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‘Haves’ Urge Stronger Estate Tax Proposal in Fiscal Cliff Talks

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The post-presidential campaign is in full swing. On Tuesday, a stellar list of ultra-wealthy individuals and public figures called on President Barack Obama to strengthen his estate tax proposal in fiscal cliff negotiations with House Republicans.

Supporters of a stronger estate tax, which most would ultimately have to pay, signed a letter urging the president to tighten the 2009 estate tax law on which his proposal is based, allowing a $4 million per couple exemption and a graduated rate starting at 45%.

Signers included the following:

  • Robert Rubin, former Treasury secretary and co-chairman of Goldman Sachs;
  • John Bogle, founder and former chief executive of The Vanguard Group;
  • Abigail Disney, a filmmaker and philanthropist;
  • Richard Rockefeller, M.D., heir to the Standard Oil fortune.

During a news conference, Rubin said the group’s proposal “serves important economic and social purposes. We need substantial revenue for deficit reduction, public investment and providing economic security. A substantial estate tax can provide some of that revenue with no meaningful adverse impacts.”

Disney agreed. “I can afford to pay the estate tax, and I should,” she said. “I don’t have any interest in compounding my already significant advantages, and the advantages of my children, with a weak estate tax, especially on the backs of the middle class.”

If allowed to fully revert to its pre-Bush level, the estate tax would raise some $536 billion over 10 years, according to Responsible Wealth, which organized the sign-on letter. However, the president’s proposal, which is based on the significantly weakened 2009 law instead of the pre-Bush level, would leave $256 billion of that revenue on the table.

At the 2009 estate tax levels, 99.7% of estates would be exempt because of the $7 million per couple exemption. “It’s an outrage to suggest anything weaker than 2009 law, which would only benefit the remaining 0.3%,” Mike Lapham, Responsible Wealth’s project director, said. “What we should be talking about is how to make the estate tax stronger than 2009 law.”

Bill Gates Sr., father of Microsoft’s founder, said signers of the letter, including Warren Buffett, believed that a $4 million exemption per couple and a 45% rate, rising on the very largest fortunes, was reasonable and should be put into law.

“Particularly in the face of the devastating cuts to social programs that are being proposed, it would be shameful to leave potential revenue on the table from those most able to pay,” Gates said.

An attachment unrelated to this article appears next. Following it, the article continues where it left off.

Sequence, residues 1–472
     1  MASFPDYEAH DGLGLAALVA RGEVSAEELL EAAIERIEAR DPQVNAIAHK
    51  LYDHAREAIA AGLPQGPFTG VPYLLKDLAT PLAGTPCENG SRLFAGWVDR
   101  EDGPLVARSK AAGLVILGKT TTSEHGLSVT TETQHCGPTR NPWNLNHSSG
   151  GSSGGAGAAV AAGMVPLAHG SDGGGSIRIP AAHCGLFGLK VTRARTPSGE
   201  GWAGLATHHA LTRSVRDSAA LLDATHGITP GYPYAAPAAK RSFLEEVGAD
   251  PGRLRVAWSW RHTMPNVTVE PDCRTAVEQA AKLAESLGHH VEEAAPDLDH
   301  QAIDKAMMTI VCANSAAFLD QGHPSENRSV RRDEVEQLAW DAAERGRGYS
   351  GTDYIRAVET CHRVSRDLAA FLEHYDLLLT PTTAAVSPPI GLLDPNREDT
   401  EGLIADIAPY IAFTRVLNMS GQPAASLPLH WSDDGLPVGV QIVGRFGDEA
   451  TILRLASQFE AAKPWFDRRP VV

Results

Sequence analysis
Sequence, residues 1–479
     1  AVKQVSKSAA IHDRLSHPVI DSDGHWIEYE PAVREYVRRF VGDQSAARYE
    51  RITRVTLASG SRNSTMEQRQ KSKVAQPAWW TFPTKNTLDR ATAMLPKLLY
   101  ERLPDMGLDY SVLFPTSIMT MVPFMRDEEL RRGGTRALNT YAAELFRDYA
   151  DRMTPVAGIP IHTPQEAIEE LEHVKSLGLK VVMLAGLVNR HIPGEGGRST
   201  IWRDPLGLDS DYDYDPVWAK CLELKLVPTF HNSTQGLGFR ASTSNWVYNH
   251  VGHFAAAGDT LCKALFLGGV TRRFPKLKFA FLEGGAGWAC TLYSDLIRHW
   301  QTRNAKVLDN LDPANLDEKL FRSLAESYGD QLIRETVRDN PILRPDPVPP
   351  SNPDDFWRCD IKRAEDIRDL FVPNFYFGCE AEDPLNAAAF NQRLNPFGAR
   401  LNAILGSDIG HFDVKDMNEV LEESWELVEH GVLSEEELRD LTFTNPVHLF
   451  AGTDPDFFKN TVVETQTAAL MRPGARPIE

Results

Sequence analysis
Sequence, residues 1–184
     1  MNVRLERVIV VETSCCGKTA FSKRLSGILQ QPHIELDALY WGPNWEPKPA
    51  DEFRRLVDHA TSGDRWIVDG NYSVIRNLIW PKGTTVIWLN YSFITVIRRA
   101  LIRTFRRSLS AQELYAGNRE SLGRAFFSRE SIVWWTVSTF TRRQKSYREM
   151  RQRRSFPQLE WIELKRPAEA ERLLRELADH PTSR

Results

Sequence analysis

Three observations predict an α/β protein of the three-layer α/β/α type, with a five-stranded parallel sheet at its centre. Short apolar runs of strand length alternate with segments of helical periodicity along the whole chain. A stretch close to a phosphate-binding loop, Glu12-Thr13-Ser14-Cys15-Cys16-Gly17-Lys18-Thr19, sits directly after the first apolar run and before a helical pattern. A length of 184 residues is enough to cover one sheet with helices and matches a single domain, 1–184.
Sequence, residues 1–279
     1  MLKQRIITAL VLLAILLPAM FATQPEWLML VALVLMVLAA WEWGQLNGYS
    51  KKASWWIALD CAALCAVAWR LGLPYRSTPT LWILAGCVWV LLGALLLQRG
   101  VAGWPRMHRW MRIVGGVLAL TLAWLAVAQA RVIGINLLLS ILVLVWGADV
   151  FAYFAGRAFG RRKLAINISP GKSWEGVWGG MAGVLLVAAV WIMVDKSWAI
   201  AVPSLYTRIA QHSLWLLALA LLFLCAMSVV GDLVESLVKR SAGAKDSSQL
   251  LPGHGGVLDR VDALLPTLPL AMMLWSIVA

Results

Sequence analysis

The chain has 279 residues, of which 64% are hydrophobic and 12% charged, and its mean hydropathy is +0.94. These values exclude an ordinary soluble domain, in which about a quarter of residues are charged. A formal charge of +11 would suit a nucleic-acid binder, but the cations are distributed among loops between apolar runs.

Although Responsible Wealth’s estate tax proposal would not fully revert to the pre-Bush tax rates, it would be significantly stronger than 2009 law. The group rejects opponents’ claims about the estate tax’s negative effect on small businesses and farms.

In a statement, it cited Tax Policy Center data, indicating that only 40 small farms and businesses are expected to pay any estate tax in 2012, and those will pay only 3.1% of the estate’s value, on average. And in most of those cases, they have enough liquid assets to easily pay the estate tax without having to touch the farm or business.

Moreover, if any of them is cash strapped, provisions in the law allow them to pay any tax liability over 15 years. Even in 2001, when there was only a $2 million per couple exemption, the Farm Bureau could not cite a single example of a farm being sold to pay the estate tax, the statement said.

“We all have an obligation to form a more perfect union, to promote the general welfare, and establish justice for all, and by that I mean economic justice,” Bogle said. A strong estate tax does all those things, he said.

“I’m an entrepreneur who created a successful business, which by the way, I did not build alone,” he added. “I recognize the role of government and society in helping make that possible. So I’m more than happy for my estate to pay my fair share of taxes on the wealth I’ve accumulated.”

Rockefeller spoke of the essential role of philanthropy in strengthening the fabric of society, and the role of a responsible estate tax structure in providing incentives for giving.

“If the world I leave behind is one of gated communities, growing inequality and misery among the have-nots, downward mobility for the middle class, a degraded environment and a rotting social and physical infrastructure–then their inheritance will be a shabby one–no matter how much money they get.”